Santa Ana Leaders Vow Action on Homelessness

Santa Ana Homeless Lobby
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In a departure from the approach of years past, Santa Ana city leaders are promising to take a proactive role in eliminating homelessness in their city.

At a study session last week devoted to the subject, City Council members and top staffers gathered with nonprofit leaders, activists and homeless residents themselves for a wide-ranging discussion.

“Today I’m super excited by this conversation,” said Councilman David Benavides. “You have a council here that is supportive, and is ready and willing to act.”

One theme throughout the testimony was the need to continue bringing together various stakeholders – including people living on the streets – in forging a path forward.

“These days people like to speak a lot about empowerment,” said Tim Houchen of the homeless advocacy group Civic Center Roundtable.

The way to empower the homeless, he said, “is to include us in the decision-making about our current and future existence.”

That message was warmly received by city leaders, who vowed to ensure the homeless have a prominent voice in the policymaking process.

“At the end of the day, we’re talking about basic human rights and dignity,” said Councilman Roman Reyna. “I really do think that we need to have representation of the population that we’re focusing on.”

Many stakeholders agreed that the current fragmented approach to homeless services across Orange County is inefficient and ineffective.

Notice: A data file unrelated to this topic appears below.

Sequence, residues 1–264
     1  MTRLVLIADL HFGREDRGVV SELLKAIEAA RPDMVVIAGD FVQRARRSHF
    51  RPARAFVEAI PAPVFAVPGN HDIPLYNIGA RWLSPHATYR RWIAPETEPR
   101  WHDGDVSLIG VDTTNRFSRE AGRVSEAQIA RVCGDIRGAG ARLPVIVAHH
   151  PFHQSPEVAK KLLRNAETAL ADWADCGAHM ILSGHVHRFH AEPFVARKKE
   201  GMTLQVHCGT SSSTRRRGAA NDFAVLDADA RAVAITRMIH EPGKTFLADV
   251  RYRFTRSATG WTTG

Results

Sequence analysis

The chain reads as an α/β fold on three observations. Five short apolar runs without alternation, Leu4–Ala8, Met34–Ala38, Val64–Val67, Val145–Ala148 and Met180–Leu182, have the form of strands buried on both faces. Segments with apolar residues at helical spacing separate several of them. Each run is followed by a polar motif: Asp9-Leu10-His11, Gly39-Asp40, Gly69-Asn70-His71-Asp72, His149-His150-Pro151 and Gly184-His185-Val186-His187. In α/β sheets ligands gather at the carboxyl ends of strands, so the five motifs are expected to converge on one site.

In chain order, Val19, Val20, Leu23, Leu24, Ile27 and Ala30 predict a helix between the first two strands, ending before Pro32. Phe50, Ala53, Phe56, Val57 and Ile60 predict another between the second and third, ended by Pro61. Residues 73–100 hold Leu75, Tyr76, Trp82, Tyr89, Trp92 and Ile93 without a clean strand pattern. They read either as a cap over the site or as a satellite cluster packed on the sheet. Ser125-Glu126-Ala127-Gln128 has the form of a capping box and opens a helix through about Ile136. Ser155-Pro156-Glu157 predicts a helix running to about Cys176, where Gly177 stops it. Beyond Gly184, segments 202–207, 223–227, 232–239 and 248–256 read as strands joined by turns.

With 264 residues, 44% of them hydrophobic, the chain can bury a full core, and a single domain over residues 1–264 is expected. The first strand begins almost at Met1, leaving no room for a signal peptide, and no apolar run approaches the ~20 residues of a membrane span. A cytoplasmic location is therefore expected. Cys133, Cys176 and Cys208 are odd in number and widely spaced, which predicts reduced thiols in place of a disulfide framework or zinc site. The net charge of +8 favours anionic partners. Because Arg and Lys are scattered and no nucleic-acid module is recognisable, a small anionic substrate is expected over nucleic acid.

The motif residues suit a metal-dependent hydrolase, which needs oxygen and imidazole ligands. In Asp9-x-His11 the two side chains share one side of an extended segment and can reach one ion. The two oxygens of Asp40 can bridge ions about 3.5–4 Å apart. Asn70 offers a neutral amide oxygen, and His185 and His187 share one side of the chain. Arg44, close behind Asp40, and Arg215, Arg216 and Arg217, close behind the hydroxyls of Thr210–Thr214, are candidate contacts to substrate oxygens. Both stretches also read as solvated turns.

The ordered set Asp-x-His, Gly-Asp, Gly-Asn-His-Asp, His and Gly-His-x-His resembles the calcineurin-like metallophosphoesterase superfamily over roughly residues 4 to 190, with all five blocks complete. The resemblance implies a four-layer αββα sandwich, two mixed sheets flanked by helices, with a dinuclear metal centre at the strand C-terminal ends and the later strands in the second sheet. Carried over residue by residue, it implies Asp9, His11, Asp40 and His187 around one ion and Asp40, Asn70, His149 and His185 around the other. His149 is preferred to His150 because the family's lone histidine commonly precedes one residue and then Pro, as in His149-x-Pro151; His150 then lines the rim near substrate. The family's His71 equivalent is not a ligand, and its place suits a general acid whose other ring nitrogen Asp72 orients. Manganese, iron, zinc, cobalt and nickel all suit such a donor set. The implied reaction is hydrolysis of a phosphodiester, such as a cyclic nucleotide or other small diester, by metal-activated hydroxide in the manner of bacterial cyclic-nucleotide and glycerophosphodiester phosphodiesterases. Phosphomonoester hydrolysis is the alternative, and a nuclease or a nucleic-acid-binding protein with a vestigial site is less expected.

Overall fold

Advocates agreed that the county needs a centralized intake system whereby professionals could assess what types of services homeless people need, and get them quickly connected with those services – such as job training, drug rehab or temporary housing.

After hearing from the public, council members committed to several action steps going forward.

Councilwoman Michelle Martinez directed staff to look at funding sources for homeless housing, as well as options for creating places for the civic center homeless to store their belongings.

“I hope that our police department and our city manager can look at some ideas…to see how we can partner to make sure we don’t have to cite you” and take your belongings, said Martinez.

Creating a storage option “seems like it’s a fairly obtainable solution,” Benavides added.

Councilman Vincent Sarmiento asked staff to see whether the county could fully implement a federal food assistance program that covers restaurant meals, as well as the possibility of transit vouchers from the county transportation agency.

“Many families are just one paycheck away from being homeless. They’re one illness away from being homeless,” said Sarmiento. “It’s a very personal thing for us.”

Homeless residents of the civic center, meanwhile, applauded the council’s efforts while also requesting that police stop issuing tickets they view as criminalizing their destitution.

In particular, Civic Center Roundtable representatives criticized the issuing of tickets for sleeping in the Civic Center, as well as the confiscation of their property.

“Cease with the homeless tickets,” said Brizy May, who is also known as “Mama Brizy.”